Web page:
ARGUMENT: Water systems securityWater Systems Vulnerable to Cyberthreats

Published 4 August 2021

In February, a hacker tried to manipulate the water utility’s computers in Oldsmar, Fla. so that the level of lye in the water would be raised. Joel Griffin writes that “had the perpetrator not been caught…. this cyber-attack could have resulted in actual physical harm to residents and potentially even deaths. The simplicity of this cyber-attack … also illustrates the gravity of the situation facing water utilities,” as they try to implement contemporary IT security solutions to decades-old equipment ad operational technology.

Joel Griffin writes in SecurityInfoWatch:

Ransomware attacks have garnered much of the cybersecurity headlines this year given their impact on industry supply chains and critical infrastructure operations. But among the most eye-opening incidents occurred in Oldsmar, Fla., in February of this year when a malicious actor attempted to raise the level of lye in the city’s water supply.

Had the perpetrator not been caught tampering with the system by a facility employee, this cyber-attack could have resulted in actual physical harm to residents and potentially even deaths. The simplicity of this cyber-attack ­­– compromising a remote access software program installed on the employee’s computer – also illustrates the gravity of the situation facing water utilities as they oftentimes employ decades-old operational technology (OT) systems and attempt to create a patchwork security plan using various IT and IoT solutions they’ve been connected to over the years.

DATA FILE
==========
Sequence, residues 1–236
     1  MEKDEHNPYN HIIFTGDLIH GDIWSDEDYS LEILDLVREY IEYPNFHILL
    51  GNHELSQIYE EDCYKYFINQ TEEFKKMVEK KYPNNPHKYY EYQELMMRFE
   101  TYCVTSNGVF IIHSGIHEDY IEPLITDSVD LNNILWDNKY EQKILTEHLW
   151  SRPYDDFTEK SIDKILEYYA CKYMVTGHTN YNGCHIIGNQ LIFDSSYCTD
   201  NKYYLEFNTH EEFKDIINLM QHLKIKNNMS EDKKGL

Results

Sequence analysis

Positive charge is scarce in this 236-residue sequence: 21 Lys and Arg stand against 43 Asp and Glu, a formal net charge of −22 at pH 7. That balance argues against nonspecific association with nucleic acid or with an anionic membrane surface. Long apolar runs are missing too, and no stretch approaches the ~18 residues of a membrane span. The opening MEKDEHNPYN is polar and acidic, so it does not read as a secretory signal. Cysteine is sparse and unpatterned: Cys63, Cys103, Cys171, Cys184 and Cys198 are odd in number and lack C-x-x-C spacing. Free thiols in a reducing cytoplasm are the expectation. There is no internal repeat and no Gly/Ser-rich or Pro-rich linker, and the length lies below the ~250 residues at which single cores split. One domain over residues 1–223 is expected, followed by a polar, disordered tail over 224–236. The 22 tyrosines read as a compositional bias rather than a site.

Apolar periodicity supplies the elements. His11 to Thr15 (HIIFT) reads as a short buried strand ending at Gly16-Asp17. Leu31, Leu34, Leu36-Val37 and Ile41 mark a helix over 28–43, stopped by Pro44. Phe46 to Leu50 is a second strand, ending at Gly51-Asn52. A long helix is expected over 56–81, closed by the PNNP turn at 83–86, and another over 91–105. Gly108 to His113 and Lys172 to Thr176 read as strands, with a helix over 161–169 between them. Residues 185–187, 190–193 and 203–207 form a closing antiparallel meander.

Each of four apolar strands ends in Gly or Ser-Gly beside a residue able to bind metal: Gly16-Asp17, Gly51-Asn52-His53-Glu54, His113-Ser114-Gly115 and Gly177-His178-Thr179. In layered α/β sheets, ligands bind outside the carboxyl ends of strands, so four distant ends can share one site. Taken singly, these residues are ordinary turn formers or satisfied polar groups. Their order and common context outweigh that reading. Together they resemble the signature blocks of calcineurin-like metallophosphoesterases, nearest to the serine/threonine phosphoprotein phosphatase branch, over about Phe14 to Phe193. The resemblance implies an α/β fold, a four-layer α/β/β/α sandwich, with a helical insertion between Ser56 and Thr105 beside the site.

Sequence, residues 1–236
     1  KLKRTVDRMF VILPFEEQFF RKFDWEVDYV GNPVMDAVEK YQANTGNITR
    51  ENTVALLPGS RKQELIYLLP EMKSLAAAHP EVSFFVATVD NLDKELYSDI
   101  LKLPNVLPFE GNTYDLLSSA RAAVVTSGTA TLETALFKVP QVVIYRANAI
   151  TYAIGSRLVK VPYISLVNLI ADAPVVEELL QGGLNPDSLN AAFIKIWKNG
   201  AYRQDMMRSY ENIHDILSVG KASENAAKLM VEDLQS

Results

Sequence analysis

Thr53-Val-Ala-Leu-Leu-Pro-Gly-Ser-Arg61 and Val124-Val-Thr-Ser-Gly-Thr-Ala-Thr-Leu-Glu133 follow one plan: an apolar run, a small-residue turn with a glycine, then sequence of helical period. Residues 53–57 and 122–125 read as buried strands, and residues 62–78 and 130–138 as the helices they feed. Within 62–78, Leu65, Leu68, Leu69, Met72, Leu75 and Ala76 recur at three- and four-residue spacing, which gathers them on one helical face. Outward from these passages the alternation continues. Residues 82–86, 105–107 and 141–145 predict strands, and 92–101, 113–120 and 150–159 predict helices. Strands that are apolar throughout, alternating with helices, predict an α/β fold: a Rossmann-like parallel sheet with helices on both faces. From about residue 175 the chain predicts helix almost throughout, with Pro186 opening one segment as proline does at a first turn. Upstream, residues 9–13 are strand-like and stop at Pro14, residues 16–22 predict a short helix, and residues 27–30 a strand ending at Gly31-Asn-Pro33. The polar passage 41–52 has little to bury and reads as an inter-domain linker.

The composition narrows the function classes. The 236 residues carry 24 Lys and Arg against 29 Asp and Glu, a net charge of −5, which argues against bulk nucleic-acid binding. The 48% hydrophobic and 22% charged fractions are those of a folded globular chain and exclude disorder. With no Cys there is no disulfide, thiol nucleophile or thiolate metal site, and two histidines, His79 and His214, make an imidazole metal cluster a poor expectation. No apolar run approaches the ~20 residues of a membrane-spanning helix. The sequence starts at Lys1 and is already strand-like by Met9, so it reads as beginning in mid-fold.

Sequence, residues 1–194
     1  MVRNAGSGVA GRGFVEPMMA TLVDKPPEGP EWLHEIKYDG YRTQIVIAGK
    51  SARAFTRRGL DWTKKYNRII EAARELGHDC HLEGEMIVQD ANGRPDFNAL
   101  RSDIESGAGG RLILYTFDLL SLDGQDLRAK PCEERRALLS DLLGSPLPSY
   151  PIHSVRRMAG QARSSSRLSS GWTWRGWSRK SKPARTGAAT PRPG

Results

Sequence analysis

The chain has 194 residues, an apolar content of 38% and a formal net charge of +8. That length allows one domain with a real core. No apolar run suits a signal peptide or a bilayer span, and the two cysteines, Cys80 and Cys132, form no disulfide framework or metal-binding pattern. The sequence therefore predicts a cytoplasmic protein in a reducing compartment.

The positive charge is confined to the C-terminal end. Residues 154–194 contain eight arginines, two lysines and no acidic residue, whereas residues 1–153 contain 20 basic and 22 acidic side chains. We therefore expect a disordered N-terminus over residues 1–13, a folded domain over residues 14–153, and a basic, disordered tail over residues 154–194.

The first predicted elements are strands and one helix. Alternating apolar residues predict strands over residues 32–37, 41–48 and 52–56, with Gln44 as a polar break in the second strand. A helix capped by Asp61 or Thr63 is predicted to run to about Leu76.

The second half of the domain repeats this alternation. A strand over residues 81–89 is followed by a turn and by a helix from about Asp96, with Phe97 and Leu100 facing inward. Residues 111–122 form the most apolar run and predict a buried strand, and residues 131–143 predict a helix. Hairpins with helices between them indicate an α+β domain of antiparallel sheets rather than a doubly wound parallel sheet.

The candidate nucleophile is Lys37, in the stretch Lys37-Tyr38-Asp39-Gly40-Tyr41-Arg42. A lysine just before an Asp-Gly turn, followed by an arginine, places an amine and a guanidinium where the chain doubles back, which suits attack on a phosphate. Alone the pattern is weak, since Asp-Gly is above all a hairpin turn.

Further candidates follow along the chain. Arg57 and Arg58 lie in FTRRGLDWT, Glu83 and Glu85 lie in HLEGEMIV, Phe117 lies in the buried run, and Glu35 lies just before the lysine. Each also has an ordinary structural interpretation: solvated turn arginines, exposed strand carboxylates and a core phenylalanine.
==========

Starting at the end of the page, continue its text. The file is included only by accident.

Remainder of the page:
On Tuesday, ThreatLocker issued a report — Protecting Water Infrastructure Against Cyberattacks – detailing the vulnerability of water systems. ThreatLocker CEO Danny Jenkins told Griffin that the lack of investment in cybersecurity at the municipality level is very concerning given the criticality of water resources.

“They have to operate this old equipment and water (infrastructure) that has been around for a long time…. Before IT even existed, water was pumping through pipes, so what’s very unique about water, in particular, is your dealing with very few systems that have been updated or integrated into modern systems. So, you’re potentially taking these old systems that have been around for 20, 30, 40, or 50 years, and finding ways to make them work with new systems.”

Leave a comment

Register for your own account so you may participate in comment discussion. Please read the Comment Guidelines before posting. By leaving a comment, you agree to abide by our Comment Guidelines, our Privacy Policy, and Terms of Use. Please stay on topic, be civil, and be brief. Names are displayed with all comments. Learn more about Joining our Web Community.

Hits: 3

Supply chains, resilience, supply chains security, hybrid cars Iran, drones, oil tankers | Homeland Security Newswire